NEW YORK (AP) _ A ragtag group of Vietnam veterans dubbed ''The Lost Patrol'' arrived Saturday at Grant's Tomb after a 269-mile march from Washington for a vigil for 2,400 Americans still missing in Southeast Asia.

Less than three dozen veterans made the full march, and only about 100 people greeted them upon their arrival in Manhattan - far below the 1,000 organizers had hoped to draw.

''There's only a small amount of us who care, but we do care, and we care a lot,'' said Anthony Torres, march organizer for the New York-New Jersey POW- MIA committee. ''People saw us marching. Truck drivers saw us. This is about public awareness.''

Outside the huge monument, the marchers and their supporters gathered in sweltering heat a half-block from a row of tents where many planned to stay in a 24-hour vigil.

They expressed a mixture of frustration and hope that prisoners of war and missing in action left in Vietnam would eventually be returned to U.S. soil.

Vietnam, which has cooperated for more than a year in the return of MIA remains, has repeatedly denied that it is holding prisoners, but their position leaves open the possibility that some live Americans remain behind.

Pentagon officials admit that some U.S. deserters still may be living in Southeast Asia.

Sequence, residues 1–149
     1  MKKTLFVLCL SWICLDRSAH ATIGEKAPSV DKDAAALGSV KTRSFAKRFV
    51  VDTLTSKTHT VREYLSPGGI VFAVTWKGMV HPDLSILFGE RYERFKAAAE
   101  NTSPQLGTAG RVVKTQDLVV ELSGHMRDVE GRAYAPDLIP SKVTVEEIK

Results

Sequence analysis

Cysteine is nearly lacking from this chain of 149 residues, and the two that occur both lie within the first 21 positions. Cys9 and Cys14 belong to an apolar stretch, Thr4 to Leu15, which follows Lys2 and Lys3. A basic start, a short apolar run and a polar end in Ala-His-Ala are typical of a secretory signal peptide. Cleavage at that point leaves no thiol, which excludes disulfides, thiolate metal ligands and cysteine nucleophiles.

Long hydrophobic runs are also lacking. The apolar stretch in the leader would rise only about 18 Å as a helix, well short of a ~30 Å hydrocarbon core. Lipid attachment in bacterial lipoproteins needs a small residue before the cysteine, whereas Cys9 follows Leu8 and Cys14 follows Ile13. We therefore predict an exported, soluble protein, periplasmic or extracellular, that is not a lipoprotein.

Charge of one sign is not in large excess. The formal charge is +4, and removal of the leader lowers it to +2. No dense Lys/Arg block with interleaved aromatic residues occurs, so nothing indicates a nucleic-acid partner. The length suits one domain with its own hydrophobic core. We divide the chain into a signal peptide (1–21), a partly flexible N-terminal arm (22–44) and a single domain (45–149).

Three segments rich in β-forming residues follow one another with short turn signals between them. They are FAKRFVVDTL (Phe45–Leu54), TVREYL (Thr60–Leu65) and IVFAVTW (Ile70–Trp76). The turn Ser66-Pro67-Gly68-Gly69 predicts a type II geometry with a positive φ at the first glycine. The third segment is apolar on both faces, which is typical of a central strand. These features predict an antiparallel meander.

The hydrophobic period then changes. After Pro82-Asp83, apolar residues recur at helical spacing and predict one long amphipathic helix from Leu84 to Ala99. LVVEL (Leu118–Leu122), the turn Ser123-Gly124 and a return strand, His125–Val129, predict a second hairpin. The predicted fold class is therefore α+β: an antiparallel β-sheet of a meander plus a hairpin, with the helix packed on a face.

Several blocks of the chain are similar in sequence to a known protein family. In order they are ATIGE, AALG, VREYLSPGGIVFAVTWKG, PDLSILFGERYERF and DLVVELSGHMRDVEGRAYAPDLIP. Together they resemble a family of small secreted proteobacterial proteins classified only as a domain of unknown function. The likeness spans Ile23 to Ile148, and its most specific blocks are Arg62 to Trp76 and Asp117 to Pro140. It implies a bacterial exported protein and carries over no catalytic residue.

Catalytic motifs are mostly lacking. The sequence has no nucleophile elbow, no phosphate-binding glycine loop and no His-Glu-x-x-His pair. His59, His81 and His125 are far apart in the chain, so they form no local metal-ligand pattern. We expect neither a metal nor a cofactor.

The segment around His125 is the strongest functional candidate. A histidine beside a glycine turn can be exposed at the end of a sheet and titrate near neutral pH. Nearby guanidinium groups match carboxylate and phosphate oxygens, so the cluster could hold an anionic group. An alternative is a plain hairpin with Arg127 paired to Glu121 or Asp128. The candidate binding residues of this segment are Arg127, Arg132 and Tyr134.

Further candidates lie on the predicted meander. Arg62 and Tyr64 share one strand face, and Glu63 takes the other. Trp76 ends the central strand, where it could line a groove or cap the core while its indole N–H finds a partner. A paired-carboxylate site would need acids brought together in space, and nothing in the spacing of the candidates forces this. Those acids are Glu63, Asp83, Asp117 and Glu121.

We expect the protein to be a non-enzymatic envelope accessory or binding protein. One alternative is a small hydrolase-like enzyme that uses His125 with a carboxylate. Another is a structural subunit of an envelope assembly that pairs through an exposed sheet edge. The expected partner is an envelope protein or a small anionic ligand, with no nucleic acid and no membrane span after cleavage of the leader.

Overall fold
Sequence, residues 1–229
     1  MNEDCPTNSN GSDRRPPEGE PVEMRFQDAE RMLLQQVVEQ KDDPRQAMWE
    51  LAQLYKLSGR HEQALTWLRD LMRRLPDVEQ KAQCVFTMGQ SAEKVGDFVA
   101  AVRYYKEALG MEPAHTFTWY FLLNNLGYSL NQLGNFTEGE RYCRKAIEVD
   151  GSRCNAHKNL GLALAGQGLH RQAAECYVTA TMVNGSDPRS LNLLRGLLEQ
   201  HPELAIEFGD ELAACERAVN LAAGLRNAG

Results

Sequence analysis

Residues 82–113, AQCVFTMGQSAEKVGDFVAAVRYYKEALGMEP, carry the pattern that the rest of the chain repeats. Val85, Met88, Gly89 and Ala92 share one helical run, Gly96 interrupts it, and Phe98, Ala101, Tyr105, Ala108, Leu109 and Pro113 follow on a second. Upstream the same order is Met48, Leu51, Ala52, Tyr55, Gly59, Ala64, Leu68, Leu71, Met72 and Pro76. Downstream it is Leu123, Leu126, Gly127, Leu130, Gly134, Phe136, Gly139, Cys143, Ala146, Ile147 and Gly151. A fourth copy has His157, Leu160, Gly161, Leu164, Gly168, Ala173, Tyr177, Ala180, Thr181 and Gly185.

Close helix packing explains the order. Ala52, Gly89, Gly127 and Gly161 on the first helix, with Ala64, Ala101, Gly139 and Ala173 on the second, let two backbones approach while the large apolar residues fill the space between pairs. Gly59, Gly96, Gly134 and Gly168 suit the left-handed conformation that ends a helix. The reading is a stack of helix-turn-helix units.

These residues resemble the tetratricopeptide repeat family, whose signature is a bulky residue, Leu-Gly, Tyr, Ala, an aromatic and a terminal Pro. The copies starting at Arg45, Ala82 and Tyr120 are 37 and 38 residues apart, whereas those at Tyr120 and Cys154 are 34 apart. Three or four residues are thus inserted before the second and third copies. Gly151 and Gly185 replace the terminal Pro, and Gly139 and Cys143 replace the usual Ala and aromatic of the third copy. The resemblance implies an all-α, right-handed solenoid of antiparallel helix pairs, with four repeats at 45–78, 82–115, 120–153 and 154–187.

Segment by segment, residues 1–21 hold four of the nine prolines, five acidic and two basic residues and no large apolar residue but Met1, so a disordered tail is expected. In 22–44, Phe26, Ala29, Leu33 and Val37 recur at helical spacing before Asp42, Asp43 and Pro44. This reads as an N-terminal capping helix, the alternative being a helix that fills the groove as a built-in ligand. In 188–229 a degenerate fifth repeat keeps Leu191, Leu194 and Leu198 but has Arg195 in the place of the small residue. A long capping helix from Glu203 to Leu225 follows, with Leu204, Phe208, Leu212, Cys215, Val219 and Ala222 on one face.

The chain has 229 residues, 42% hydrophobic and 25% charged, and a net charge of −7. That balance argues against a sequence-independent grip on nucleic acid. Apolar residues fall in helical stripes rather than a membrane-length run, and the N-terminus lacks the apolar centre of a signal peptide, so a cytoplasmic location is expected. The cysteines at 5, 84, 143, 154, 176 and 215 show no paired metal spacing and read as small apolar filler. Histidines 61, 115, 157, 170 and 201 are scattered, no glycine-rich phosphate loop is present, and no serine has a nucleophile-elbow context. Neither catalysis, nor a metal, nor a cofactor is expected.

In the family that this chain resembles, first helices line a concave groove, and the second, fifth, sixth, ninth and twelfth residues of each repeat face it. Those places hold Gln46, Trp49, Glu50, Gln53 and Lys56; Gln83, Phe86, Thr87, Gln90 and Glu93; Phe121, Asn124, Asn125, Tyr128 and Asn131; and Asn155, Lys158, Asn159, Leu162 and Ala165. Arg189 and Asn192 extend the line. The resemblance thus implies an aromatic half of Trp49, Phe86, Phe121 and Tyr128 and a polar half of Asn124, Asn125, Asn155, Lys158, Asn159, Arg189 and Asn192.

The Reagan administration's official position is that the possibility of live prisoners cannot be ruled out. However, Pentagon officials speaking on condition of anonymity, say they have no credible reports of any prisoners.

Lou Ortega, a veteran of World War II, Korea and Vietnam, angrily called for the government to close the book on Vietnam by providing answers about the missing men.

''We served. Now ... serve us,'' he said. ''Give us an accounting of our POWs; give us an accounting of our MIAs. In that way, the stigma of this war will be finally removed.''

A huge banner proclaimed ''Release Our POW-MIAs'' behind the speaker stand on the monument steps. In the crowd, combat fatigues mixed with dress blues as the veterans opened their vigil with ''The Star Spangled Banner'' and a prayer before a lone bugler played taps.

A walkway outside the tomb was lined with plain white crosses with the home states and cities of the missing soldiers. An American flag hung just before the plaza outside the monument.

The rally followed a weeklong march that started at the Vietnam War Memorial in Washington, D.C., snaked through Delaware and New Jersey, and ended with the marchers crossing the George Washington Bridge into Manhattan.

The marchers were mostly from New Jersey and Texas, and had participated in a similar march in November from Dallas to San Antonio, Texas.